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Good Social and Emotional Development Equals Early School Success
Part of the framework for early school success is a child's social and emotional development. A positive self-concept, appropriate self-control, and awareness of interacting with others will help your child learn. Play is a great vehicle to build self-confidence and relationships.
Here are five easy ways to help your child practice and develop these crucial skills.
- Set up “play-dates” with classmates or neighborhood children. In good weather make sure there is lots of outdoor play. If indoors, make sure it’s a “no electronics” time.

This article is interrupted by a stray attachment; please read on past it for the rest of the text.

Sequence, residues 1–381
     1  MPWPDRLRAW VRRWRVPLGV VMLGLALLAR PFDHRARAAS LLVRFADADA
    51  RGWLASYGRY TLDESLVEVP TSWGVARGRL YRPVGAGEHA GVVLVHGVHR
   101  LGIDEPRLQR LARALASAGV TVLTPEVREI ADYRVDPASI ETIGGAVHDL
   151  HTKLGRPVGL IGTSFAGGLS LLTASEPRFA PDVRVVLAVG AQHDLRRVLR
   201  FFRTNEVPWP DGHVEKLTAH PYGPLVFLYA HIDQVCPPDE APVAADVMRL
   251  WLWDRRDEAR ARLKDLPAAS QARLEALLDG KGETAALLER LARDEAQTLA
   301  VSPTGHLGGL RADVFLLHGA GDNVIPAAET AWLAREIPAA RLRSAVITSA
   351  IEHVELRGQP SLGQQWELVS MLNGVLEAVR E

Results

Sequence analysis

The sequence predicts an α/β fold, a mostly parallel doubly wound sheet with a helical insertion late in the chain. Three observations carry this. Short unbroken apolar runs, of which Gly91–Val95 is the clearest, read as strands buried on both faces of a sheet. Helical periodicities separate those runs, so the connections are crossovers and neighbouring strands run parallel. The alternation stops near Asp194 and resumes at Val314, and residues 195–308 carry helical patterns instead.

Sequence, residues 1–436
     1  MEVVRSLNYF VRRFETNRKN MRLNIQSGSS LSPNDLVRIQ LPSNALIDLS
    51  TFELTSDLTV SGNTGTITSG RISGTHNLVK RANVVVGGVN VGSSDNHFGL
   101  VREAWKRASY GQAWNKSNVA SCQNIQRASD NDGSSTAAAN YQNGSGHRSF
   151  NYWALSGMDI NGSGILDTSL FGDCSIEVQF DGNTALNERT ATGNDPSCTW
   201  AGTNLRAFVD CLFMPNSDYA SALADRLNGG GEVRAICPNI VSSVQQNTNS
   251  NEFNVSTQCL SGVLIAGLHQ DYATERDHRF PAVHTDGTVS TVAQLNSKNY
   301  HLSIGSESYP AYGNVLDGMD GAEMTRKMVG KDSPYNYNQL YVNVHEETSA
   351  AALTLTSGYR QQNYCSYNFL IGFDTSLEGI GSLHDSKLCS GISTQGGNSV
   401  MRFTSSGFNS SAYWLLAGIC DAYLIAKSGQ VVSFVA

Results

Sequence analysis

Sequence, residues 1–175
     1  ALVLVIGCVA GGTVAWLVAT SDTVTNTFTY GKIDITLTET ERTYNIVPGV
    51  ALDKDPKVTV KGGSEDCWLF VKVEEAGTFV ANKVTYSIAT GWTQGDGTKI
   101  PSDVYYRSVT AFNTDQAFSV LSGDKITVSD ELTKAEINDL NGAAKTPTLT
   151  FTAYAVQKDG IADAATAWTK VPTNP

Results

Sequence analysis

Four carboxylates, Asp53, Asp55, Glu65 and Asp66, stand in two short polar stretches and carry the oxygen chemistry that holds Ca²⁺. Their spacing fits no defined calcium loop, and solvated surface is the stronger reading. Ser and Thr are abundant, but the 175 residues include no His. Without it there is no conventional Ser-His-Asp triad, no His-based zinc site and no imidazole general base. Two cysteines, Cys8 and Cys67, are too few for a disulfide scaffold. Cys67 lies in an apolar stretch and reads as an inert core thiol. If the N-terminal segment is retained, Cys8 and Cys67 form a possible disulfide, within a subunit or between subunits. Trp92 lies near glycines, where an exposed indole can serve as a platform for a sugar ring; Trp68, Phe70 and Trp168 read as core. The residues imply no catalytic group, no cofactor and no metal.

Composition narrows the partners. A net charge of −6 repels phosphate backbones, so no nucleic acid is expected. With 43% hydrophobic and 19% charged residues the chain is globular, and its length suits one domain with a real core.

- Encourage individual creative play by giving your child a few objects and let them create something. For example, paper plates, ribbon, brown paper bags, old buttons, crayons, glue, and scissors, etc.
- Take 20-30 minutes to explore a park with a slide, swings, jungle gyms, etc. Observe how your child interacts with other children. If your child was shy, or too aggressive “role play” on the way home about what could have been done or said to interact differently.
- Practice “conversation skills.” Model good speaking (eye contact, clear voice) and good listening (eye contact, nodding) so that your child learns good conversation consists of these two parts.
- Teach responsibility with a small daily or weekly “job.” (Setting the table, putting objects in the recycling bin, separating darks and lights for the laundry, etc.)
Simple activities like these allow children to build confidence, take pride in accomplishments, and accept rules and routines in a learning environment.